Sins do not just disappear. Sins cannot just be swept under some carpet somewhere. The price of our sins had to be paid. Jesus’ death makes it possible for God to forgive us because He paid the price of our sins. Jesus took our punishment. He took the full wrath of God for all the sins of the whole world. Jesus was charged with every point of God’s Law that we have failed to keep and was found guilty. He redeemed us from the curse of the Law by becoming a curse for us (Gal. 3:13). He was forsaken by God the Father so that we will not be forsaken by Him.
One of the criminals crucified with Jesus understood this. He confessed that he was receiving a just punishment; the due reward of his deeds. He recognized that he did not know what he had done and was now judged on earth and the judgment of heaven was imminent. What could he do to undo the evil he had done? How could he repay those from whom he had stolen? How could he unhurt those he had hurt? There was nothing he could do. His life of crime resulted in the Roman authorities executing him on a cross as an example to others. His life of sin deserved an eternal judgment from God. There was nothing he could do to turn his life around. There was nothing he could do to save himself.
Yet Jesus said to this criminal, “Truly, I say to you, today you will be with me in Paradise.” The Holy Spirit included this conversation in Scripture for a reason. It teaches us that we are not saved by anything we do. We are not saved because we do more good than bad in this life. We are not saved because we manage to undo the bad things we have done. We are saved even though we do not know what we do. Jesus’ conversation with this criminal also teaches us that there is nothing left to be done. Jesus’ death completes the payment for our sins.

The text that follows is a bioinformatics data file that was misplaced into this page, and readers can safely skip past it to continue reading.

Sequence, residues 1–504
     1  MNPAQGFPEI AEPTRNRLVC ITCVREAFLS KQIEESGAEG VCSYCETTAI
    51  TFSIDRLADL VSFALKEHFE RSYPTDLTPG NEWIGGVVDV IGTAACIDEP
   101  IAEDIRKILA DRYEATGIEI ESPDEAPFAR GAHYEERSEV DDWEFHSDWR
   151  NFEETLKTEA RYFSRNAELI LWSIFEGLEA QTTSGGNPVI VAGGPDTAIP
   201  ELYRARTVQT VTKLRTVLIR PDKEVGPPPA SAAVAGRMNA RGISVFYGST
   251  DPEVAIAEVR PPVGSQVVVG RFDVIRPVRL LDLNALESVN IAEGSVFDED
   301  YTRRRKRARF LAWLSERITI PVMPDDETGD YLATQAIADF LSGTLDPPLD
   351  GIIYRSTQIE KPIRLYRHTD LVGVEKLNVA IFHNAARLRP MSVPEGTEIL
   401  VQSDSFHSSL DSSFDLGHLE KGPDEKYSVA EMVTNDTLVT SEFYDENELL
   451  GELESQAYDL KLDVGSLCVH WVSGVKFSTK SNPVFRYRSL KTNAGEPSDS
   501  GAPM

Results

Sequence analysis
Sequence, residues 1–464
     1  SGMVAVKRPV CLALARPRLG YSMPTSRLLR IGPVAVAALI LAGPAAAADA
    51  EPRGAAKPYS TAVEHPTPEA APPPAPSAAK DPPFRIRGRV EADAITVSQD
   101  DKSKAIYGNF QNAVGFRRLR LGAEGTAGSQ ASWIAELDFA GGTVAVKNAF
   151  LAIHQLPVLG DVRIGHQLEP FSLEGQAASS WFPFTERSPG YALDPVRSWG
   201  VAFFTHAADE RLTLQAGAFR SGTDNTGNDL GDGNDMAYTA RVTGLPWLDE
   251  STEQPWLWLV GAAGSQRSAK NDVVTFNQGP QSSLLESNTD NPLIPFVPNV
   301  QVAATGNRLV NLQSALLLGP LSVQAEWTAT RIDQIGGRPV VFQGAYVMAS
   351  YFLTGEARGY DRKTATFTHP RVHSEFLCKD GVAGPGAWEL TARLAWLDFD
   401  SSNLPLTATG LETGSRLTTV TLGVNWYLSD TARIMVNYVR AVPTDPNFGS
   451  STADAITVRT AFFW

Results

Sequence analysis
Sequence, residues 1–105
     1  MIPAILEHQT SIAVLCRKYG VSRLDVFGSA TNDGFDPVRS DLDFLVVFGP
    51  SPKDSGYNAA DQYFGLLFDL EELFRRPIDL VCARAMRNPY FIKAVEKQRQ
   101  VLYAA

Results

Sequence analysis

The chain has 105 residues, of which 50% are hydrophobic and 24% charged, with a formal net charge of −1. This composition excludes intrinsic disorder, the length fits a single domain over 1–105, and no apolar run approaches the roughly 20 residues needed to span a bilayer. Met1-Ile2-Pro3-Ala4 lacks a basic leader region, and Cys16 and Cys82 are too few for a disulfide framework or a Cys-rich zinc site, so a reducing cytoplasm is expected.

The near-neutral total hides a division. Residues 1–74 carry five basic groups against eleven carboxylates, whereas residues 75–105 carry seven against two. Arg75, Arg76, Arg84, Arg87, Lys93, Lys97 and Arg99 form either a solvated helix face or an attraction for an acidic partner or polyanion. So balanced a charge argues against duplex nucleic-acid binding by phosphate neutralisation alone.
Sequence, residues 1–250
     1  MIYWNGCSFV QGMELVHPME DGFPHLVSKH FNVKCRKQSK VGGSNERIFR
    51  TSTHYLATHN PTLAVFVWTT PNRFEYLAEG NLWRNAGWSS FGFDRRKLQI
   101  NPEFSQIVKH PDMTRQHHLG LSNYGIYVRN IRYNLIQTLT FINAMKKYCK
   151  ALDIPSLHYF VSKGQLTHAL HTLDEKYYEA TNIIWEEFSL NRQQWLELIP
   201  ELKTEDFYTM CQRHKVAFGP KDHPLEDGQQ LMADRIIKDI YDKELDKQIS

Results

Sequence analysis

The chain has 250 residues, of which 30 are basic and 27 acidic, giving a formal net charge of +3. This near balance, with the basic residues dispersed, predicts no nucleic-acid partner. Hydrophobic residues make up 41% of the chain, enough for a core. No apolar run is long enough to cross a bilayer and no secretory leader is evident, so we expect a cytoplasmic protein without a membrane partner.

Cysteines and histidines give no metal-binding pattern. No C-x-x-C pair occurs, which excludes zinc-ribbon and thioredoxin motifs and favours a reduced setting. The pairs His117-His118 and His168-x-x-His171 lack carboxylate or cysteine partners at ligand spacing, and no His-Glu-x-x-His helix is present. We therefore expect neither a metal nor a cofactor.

There’s no such place as purgatory where we have to go to suffer for the temporal punishment of our sins. If there was such a place, Jesus would not have told the criminal that he would be with Jesus in Paradise today. If there was such a place as purgatory, this criminal would have had millions of years to spend there. He spent his life doing evil. If his family spent all they had to light candles for his soul and buying indulgences and going on pilgrimages even to this day, they would not even have put a dent in his time in purgatory. Yet Jesus told him, “Today you will be with me in Paradise.”
On the day of your death, you can rest assured that this promise of Jesus is also for you. Not because of what you’ve done or left undone. Not because you have done more good than bad. Not because you know what you do, but because you know what Jesus did for you. You know that He paid the price of your sins. You know that His death is your death and His life is your life. Baptized into Christ you have the promise that just as He rose from the dead, so you too will rise from the dead. On the day of your death, you have the promise from Jesus, “Today you will be with me in Paradise.”
We do not know what we do. We do not understand the enormous price of our sins. But we do know that Jesus paid the enormous price of our sins. We do know that Jesus has taken all our guilt away. We do know that Jesus gives us His body and blood to eat and to drink so that we can be certain that the promise of the forgiveness of sins is for us. We can be certain that on the day we die, we have Jesus’ promise: today, you will be with me in Paradise. Amen.
The peace of God which surpasses all understanding will keep your hearts and your minds in Christ Jesus our Lord. Amen.